What’s Facebook and Twitter got to do with organic food? Sat., Oct 4, 9-9:30AM Central

What: Deep Roots Radio chat with Soon Gunther, website designer, social media activist, good-food lover When: Saturday, Oct. 4, 2014, 9:00-9:30 AM Central Where: Broadcast and streamed live on WPCA Radio, 93.1FM and www.wpcaradio.org Why: Sustainable growers want to provide healthful, delicious foods to the marketplace. Consumer demand for sustainable, local foods continues to grow. Social media plays a role. Tune in!! Sylvia … Continue reading

Harnessing sun, dew and grass

I was walking out to the chicken coop in the early morning, a pail of seeds and cracked corn swinging on my left and my right hand raised to shade my eyes. The sun, just a few degrees above the trees, hit the dew-drenched grass and sent spears of bright light into the air. It was like a white fireworks: busy, slightly chaotic, riotous. But the air was soft around my ears. The loudest sound came from my rubber boots swishing through the tall, wet grasses. What a difference from last year, when drought reduced our fields to short dry … Continue reading

Chickens: devastation and 3-step proposal

Mad. Upset. Determined. Our farm is in rural Wisconsin. Although we’re just 70 minutes from the Minneapolis/St. Paul metro, predators are everywhere: coyotes, wolves, bear, hawks, eagles, owls, weasels, muskrats, badgers, fox, raccoons, possums, stray cats and the occasional house dog turned hunter when allowed to roam the countryside. It’s amazing any livestock or songbird makes it. The challenge is made even greater when you raise animals on pasture – wide open spaces where threats lurk under leaves, in borrows beneath the grass, and in the skies above. Although we sometimes hear packs of coyotes yipping close by, we’ve never … Continue reading

Putting my money on the beat-up trailer

Sometimes we stand together quietly – me and the cows. The air is still and filled with green smells: grass, hay, leaves, fresh herbs. I lean against the metal gate and watch as some stroll from one patch of fresh grass to the next, others recline and chew their cud, and calves run in what looks like a game of tag. It’s what grass-fed/grass-finished cows do every day, every growing season. It’s late summer, time for harvest. On Thursday, Dave and I loaded two beefy steers (altered males) into our “new” cattle trailer. It’s an investment we made this spring … Continue reading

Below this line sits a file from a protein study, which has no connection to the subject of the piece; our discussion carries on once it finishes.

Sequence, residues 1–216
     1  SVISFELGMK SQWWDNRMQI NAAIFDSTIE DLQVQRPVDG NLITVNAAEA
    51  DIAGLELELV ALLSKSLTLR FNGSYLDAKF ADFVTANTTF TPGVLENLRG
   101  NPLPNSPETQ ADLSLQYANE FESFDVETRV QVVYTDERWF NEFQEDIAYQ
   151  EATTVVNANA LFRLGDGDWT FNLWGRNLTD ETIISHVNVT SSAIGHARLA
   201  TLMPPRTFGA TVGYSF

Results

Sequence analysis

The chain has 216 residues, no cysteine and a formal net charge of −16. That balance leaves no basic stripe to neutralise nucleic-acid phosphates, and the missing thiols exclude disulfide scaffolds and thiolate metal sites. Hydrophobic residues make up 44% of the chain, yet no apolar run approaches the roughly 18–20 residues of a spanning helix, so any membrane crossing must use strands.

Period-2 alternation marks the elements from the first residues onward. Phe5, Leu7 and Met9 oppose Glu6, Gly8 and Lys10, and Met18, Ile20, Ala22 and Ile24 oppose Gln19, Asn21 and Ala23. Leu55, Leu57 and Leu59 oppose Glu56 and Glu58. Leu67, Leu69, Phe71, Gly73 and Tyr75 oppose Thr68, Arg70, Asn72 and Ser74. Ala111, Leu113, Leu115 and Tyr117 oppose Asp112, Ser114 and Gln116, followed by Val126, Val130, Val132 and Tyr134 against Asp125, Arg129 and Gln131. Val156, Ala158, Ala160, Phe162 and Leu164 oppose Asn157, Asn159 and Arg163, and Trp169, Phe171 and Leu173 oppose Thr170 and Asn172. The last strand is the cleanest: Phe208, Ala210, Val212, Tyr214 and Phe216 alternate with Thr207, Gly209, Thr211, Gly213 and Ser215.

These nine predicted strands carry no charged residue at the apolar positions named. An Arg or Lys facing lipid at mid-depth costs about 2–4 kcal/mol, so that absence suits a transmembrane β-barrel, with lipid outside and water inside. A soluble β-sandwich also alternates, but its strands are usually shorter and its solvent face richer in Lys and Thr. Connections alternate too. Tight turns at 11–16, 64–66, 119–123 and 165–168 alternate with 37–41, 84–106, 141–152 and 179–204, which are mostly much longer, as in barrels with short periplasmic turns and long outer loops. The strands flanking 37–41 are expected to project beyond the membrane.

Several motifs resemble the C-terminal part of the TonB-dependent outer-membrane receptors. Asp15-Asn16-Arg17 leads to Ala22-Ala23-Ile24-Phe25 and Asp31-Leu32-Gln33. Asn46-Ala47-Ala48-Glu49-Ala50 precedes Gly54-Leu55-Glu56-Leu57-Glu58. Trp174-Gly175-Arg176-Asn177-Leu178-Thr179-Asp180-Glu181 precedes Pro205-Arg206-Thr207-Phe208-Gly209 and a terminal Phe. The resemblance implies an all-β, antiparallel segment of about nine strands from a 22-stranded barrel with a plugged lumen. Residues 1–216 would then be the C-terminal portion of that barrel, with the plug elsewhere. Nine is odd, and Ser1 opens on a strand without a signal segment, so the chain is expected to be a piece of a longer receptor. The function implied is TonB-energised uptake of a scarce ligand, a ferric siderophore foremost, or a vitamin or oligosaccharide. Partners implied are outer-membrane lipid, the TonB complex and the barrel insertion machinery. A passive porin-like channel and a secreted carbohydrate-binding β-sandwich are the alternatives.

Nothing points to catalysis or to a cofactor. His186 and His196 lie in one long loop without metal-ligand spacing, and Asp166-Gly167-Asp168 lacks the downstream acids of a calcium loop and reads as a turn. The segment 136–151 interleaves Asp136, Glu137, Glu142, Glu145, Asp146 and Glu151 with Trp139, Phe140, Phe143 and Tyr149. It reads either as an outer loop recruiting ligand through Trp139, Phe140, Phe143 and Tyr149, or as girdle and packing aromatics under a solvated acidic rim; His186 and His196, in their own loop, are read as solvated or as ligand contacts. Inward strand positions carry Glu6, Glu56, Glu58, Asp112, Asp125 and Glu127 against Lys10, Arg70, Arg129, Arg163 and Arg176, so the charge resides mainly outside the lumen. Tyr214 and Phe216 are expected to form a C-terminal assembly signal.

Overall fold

Food scare. Ag hype. What’s the truth? Live, Sept. 6, 9-9:30AM Central w Ag Insider

What: Deep Roots Radio interview with Chuck Abbott, Ag Insider journalist. When: Saturday, Sept. 6, 9:00-9:30AM Central Where: Broadcast and streamed live from the studios of WPCA Radio, 93.1FM and www.wpcaradio.org Why: The Internet, social media, emails and water cooler conversations are all about the latest hype, scare or boast about America’s food and the system that produces it. Where’s the truth, and how do you find it? This Deep Roots Radio conversation features Chuck Abbott who posts daily on the Ag Insider. A project of the Food & Environment Reporting Network (FERN), Ag Insider is available free of charge. … Continue reading

Rain – at last

Farm Update – Monday It was the downpour that woke me this morning. What a welcome sound! After four weeks of dry – only 1/4” rain that entire stretch – we needed this inch-and-3/8 on our fields. The seasonal pond just below the house has gone from dust to ripples. And, somehow, a small flock of geese knew it would reappear. It’s stopped now. Clouds scurry overhead and the air is filled with the rustle of grasses and leaves pushed by cool gusts from the north. Everything feels scrubbed clean, refreshed. Calves are kicking up their heels and running circles … Continue reading

Elvis is in the building!

The herd sire returnith Although I’ve witnessed the scene several times now, the simplicity and unvarnished single-purpose of it continues to amaze me. Dave and I met the cattle hauler at a neighboring farm late in the afternoon. The hauler had, in fact, gotten to Turnip Rock farm five or ten minutes ahead of us and had already backed the long, aluminum trailer to the cow barn. He and Josh, owner of Turnip Rock, were in the old barn coaxing my BueLingo bull, Full Throttle, away from the Jersey cows he’d been “keeping company” with since late May. I stayed … Continue reading

Learning to talk – and eat – like a farmer

Growing up in New York City meant being able to speak at least two or three languages, each reflecting the mindset and philosophies of a distinct group. I spoke ‘Bronx’ of course, Puerto Rican Spanish and spanglish (mix of English and Spanish), Bronx High School of Science Yidlish (Jewish expressions and inflections mixed with English), and a bit of Italish (Italian expressions mixed into the English). My brother, who was a little kid when we moved into an mostly Italian neighborhood, is much more fluent in Italish. He took to the inflections like a duck to water. When I first … Continue reading

Tune in. July 19, 9-9:30AM CT – Grazing guru Cody Holmes – how multi-species grazing benefits soil, livestock, and people

What: Deep Roots Radio interview with Cody Holmes When: Saturday, July 19, 2014, 9:00-9:30 AM Central Time Where: Broadcast and streamed live on WPCA Radio, 93.1FM, http://www.wpcaradio.org I was lucky. It was a cold early December afternoon, and Cody Holmes was at the front of the room. There were about 70 of us in that St. Paul, Minnesota hotel meeting space; men and women from all across the country, Canada, Mexico and Europe. We sat behind long tables, our legs stretched in front of us, and our attention intent on Cody – one of the top grazing gurus in the … Continue reading

Growing agricultural tourism – good for farmers, good for visitors

How Midwest farmers can use agri-tourism to increase revenues and boost local economies.

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